For guys though as well, it’s a difficult path, trying to find the right one, trying not to hang your hat on any failure or rejection. Trying to find grace in a small bar full of people after a show.

As I’ve said, dating in the community is kind of like shitting in a kiddy pool: everyone knows you’ve done it and they’ll probably remember even if some different people step into the pool.

So my therapist told me I should go back to online dating, which I’ve considered.

“How long has it been?” She asked.

“July or August. September?” I offered.

“You’re a much different person now then you were then.” She told me.

“It’s a place I went out of desperation and loneliness.” I told her.

“But it betters your odds.” She replied.

Looking back at my profile, at the questions I answered, how I’ve changed is evident, the intense criticism and self-doubt on display there is evident, so willing to beat myself up. I change answers, write new things as I realize the change in myself.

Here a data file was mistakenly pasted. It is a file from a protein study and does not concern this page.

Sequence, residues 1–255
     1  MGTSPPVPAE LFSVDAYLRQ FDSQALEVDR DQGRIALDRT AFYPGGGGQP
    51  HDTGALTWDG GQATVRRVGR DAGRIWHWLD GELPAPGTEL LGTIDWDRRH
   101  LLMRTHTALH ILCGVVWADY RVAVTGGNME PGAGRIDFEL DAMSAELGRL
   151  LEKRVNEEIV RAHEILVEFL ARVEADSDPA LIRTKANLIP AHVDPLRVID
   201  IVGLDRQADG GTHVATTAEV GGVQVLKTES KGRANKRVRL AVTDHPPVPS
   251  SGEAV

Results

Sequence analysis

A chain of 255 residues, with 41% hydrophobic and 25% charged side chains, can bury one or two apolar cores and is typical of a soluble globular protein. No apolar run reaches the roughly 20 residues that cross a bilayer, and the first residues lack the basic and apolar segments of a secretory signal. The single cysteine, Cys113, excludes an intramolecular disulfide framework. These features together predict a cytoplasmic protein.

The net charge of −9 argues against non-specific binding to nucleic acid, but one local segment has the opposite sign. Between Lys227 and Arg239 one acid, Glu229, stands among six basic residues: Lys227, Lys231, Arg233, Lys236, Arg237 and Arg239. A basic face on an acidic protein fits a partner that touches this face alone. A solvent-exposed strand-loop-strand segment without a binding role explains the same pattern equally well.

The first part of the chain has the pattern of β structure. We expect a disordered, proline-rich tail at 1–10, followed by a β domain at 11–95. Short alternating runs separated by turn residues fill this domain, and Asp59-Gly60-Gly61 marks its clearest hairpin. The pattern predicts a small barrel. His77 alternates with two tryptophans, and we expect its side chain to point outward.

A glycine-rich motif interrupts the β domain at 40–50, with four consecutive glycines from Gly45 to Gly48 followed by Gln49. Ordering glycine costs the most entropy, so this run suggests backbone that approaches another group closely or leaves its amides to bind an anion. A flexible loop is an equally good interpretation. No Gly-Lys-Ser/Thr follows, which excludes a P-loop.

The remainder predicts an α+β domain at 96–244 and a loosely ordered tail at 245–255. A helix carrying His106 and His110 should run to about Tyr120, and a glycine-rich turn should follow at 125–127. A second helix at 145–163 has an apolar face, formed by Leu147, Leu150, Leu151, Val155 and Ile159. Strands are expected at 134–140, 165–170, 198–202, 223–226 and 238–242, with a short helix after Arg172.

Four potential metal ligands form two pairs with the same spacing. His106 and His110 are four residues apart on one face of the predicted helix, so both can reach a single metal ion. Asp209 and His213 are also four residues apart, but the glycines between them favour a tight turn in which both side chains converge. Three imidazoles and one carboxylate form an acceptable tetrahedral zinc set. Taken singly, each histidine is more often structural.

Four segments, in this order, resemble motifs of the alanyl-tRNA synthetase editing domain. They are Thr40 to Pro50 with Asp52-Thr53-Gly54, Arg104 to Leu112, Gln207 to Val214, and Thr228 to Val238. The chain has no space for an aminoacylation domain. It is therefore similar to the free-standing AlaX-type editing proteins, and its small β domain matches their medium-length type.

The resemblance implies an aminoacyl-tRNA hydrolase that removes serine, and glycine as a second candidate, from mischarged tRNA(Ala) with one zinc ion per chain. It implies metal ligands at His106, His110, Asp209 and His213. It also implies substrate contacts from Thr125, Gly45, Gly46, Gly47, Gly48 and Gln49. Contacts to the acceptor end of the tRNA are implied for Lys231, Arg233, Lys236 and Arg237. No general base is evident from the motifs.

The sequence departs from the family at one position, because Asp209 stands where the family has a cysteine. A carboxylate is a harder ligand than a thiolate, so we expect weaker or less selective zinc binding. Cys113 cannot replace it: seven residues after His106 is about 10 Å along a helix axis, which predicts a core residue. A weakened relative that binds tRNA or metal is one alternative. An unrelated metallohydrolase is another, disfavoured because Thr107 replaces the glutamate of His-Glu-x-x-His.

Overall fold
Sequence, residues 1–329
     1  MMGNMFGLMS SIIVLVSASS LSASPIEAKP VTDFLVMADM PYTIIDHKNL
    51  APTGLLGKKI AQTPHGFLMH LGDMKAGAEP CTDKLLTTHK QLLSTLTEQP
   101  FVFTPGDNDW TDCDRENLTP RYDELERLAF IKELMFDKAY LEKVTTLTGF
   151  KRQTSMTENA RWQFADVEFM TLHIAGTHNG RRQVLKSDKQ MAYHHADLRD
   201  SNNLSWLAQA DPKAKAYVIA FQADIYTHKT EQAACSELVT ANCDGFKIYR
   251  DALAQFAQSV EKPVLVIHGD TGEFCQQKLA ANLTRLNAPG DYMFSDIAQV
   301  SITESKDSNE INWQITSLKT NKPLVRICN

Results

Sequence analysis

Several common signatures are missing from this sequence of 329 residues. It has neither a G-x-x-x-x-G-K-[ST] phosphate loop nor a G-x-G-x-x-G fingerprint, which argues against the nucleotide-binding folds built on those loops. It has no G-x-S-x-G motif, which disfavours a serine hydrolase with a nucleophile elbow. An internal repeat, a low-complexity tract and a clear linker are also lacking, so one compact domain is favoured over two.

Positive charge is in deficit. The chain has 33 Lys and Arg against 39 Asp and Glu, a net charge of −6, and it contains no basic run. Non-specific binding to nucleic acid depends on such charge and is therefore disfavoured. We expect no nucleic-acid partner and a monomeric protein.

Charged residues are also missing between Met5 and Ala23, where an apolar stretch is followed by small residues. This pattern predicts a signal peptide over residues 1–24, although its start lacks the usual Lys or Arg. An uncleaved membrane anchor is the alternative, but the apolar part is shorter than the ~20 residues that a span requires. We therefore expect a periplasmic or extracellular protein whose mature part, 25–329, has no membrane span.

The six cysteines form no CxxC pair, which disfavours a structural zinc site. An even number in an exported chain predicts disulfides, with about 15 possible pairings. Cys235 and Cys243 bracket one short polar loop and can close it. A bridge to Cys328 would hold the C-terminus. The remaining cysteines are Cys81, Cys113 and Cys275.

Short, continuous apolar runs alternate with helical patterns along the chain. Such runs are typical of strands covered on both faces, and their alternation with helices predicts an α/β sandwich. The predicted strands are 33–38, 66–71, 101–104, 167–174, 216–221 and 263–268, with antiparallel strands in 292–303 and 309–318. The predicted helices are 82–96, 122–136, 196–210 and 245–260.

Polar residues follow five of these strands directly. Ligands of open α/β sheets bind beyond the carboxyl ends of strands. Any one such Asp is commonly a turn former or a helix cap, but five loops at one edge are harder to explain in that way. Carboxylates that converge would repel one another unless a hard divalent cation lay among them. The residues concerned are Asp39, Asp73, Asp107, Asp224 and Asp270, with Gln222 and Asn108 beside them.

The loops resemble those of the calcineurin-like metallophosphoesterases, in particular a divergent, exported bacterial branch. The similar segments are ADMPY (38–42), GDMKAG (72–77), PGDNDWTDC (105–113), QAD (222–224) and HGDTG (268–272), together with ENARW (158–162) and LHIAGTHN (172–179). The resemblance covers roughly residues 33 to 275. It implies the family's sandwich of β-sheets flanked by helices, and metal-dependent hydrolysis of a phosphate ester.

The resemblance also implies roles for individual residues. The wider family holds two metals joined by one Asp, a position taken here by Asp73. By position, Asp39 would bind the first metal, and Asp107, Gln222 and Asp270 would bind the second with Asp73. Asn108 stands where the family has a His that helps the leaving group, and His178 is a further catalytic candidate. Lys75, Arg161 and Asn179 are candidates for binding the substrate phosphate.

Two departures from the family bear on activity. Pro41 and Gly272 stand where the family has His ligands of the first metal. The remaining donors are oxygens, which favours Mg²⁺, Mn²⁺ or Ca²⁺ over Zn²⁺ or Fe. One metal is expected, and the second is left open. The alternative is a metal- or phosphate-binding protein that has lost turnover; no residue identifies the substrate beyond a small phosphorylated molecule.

I worry as I look at my “quiver matches” about having to put myself out there again, talking to these people, taking a chance on something that could beat my confidence, that could make me feel terrible again.

But the note is that confidence breeds confidence. Life is unwritten and all we have is an initiation an attempt at connecting with someone.

No one knows where the scene will go.

So act confidently, knowing that no one has any more idea than you.

As Chris Gethard said:

“When you get up there, what you do could be the greatest thing that’s ever been done, or totally terrible. No one knows.”

Or as my sister said:

“You’re the dude. It’s up to you to initiate. So just be confident like the handsome cardigan-ed man you are.”

Life back into improv.

I did some good scenes yesterday.

Let’s see if I can do some good life.

***

It was a Sunday brunch, I was fighting a two-whiskey hangover (sorry for my pussi-tude) and I was look for something delicious for the day, a treat.

Faicco’s was the obvious choice, that magical oasis where a man can get a three-meal sandwich the size of a long forearm for 10 dollars, somehow located in the yuppified Greenwich Village/West Village boundary.

But Perilla just caught my eye, wandering down Jones St.